Best estimates suggest that 2.5 quintillion bytes of data are generated every day. That’s 2,500,000,000,000,000,000 pieces of information created and stored in a server to be collated and used. For comparison, you would need one billion iPhone 13x with upgraded storage to hold that data. Yet, with all that data, many of us in the HOA industry have not adapted to this data driven mindset and have no objective data about our company’s performance.
One of the simplest tools is a Key Performance Indicator (KPI), an objective piece of data that can be used to determine the performance of an employee or department. The only metric most management companies worry about is how many homeowners are yelling at them every day. By implementing KPIs, you can measure your company’s performance and see where you can improve.
KPIs don’t need to be complicated algorithms. They can be as simple as missed call percentage or number of open work orders. They allow all of us to see and measure our performance. Instead of waiting for annual reviews, we can get daily or weekly reports that show how quickly we respond to emails or how many calls out of 100 went directly to voicemail.
In 2017, we began using KPI at my community management company in San Jose, Calif. One of the first metrics that we started tracking was missed call percentage. We had around 50 communities and two receptionists, so I thought we were doing well in terms of coverage. We got a few complaints about non-responsiveness, but I wrote it off as owners needing to complain about something. The first week that we pulled the report, I discovered our missed call percentage for the main line was 36%. I found that, when a previous receptionist left, we didn’t adjust the phone tree correctly and 1/3 of our calls were going down a black hole. Without the objective data, I never would’ve known there was a problem. Once I had the numbers in front of me, it took less than half an hour to fix.
So how do you start? Firstly, don’t try to track a thousand metrics in your first go. I recommend aiming for eight to fifteen metrics across your company. If you’re a department head or CAM, make that number three to five. You don’t need special software. Create a shared Excel or Google Sheet file and create a column for each week. Have each row be a KPI. That’s it. Tracking KPIs is a lot like exercise. You don’t set out to run a marathon your first month, you walk/jog around the block until you develop a habit.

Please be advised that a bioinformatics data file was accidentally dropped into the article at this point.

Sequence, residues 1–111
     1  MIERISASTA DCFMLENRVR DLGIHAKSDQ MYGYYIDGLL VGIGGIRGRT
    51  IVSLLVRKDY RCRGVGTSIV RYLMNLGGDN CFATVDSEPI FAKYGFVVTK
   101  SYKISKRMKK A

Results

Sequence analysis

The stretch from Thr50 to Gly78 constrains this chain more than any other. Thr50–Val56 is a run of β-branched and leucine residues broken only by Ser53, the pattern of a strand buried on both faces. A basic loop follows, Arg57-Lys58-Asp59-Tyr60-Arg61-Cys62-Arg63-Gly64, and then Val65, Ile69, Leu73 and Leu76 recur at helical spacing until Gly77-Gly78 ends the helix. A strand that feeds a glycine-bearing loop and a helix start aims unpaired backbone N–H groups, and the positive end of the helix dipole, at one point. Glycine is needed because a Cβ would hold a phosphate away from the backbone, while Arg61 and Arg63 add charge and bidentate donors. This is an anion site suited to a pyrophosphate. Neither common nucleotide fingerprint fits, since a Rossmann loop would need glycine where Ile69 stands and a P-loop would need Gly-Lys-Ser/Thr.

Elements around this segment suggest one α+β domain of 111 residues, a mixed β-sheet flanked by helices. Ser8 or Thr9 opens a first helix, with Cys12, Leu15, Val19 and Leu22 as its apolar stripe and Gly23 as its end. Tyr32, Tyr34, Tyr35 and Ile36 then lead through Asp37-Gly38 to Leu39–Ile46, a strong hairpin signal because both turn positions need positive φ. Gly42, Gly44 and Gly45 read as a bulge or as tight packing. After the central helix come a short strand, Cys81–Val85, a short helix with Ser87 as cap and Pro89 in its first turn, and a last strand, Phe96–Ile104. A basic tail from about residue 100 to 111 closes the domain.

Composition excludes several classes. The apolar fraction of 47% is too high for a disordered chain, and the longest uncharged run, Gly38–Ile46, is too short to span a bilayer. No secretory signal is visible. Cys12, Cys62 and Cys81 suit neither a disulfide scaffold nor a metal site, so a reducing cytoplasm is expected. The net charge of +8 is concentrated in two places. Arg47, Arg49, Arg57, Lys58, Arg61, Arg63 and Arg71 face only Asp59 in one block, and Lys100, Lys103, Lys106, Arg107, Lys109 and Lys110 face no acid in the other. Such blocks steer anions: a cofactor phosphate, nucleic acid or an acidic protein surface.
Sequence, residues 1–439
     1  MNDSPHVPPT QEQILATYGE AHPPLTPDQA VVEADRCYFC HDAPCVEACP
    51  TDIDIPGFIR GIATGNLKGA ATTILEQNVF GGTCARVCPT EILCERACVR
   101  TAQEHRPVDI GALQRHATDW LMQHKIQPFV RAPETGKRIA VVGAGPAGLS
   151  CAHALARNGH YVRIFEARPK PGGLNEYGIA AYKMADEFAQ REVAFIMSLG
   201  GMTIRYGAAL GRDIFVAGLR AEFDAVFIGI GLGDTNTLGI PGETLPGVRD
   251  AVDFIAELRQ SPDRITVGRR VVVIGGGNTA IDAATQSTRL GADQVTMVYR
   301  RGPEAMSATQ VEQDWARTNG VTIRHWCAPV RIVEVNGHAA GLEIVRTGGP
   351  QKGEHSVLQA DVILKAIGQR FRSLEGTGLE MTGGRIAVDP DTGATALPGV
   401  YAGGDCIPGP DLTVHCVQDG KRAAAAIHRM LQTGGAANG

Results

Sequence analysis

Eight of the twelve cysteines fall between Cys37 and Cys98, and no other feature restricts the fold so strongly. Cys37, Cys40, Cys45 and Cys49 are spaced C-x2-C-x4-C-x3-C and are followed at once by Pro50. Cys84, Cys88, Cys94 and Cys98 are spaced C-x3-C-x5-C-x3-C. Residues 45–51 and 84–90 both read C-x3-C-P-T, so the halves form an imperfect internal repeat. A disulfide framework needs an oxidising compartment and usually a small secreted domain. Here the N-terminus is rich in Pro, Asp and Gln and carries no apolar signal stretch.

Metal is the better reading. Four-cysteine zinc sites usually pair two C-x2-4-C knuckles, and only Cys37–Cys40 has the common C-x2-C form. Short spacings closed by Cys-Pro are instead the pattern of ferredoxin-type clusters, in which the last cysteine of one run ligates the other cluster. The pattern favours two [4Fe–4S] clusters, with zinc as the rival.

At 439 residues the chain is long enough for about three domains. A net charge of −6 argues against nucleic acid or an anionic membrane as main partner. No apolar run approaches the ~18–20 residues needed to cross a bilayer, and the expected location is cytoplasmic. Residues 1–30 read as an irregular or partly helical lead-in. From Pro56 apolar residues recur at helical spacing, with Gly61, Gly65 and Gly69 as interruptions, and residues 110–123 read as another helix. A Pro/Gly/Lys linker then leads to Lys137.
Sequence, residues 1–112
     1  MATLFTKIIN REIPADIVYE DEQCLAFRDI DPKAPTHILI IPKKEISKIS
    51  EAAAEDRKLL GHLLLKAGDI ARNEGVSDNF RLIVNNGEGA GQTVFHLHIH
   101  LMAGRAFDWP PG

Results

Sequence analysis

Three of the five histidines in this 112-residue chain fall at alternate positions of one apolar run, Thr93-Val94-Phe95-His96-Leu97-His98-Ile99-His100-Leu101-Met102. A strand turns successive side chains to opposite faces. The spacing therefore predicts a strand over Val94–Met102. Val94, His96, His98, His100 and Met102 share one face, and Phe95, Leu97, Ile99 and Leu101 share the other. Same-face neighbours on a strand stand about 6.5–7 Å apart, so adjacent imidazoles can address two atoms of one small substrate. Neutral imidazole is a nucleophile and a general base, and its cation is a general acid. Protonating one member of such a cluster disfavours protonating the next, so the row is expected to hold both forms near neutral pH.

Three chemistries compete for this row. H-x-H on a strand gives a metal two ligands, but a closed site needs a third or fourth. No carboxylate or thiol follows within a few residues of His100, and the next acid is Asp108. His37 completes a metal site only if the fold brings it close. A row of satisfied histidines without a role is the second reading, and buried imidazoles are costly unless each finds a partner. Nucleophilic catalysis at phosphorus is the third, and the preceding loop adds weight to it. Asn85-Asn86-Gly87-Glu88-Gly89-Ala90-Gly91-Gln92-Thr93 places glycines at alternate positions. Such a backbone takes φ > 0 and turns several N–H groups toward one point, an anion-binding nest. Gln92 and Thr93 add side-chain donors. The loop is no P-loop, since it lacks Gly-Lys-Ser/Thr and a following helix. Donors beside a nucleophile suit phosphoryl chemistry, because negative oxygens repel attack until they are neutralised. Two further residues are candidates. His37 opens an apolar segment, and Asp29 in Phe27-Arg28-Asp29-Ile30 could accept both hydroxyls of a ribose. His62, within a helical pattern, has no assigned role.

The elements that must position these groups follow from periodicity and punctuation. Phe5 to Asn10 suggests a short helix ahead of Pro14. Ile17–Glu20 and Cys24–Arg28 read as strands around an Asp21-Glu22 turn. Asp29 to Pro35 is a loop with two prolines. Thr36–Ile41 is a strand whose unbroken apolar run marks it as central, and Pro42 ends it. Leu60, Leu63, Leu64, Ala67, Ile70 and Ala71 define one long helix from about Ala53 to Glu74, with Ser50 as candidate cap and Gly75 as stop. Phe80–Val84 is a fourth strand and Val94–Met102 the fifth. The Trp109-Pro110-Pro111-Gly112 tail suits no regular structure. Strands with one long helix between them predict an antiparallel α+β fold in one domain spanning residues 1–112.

Let’s take a customer service department. Here are the five metrics to start with:
-Missed Call Percentage
-Customer Satisfaction Rate
-Average Call Time
-Number of Calls Per Day
-First Contact Resolution
Most of these metrics should be readily available through your software or are easy to add on with a simple widget. When you start tracking these metrics, you’ll see which days are busiest, which times of the month are busiest, which agents take the most calls, etc.
What do you do with this data? Don’t set goals your first week. Just let the data accumulate for a month and see what the patterns are. Once you establish the normal ranges, KPIs will help you lay the foundation for stability and scalability. You can begin to see trouble before it causes problems. If you see that one Customer Satisfaction Rate is handling less calls, you can talk to them before they fully burn out or damage a client relationship. You can also see when it’s time to hire additional staff for an area.
KPI numbers won’t magically solve everything overnight, but they will provide you with vital information about where to focus your efforts. Within six months, your company will be unrecognizable, and your team will have more support.
For a complete list of KPIs, visit gordianstaffing.com.
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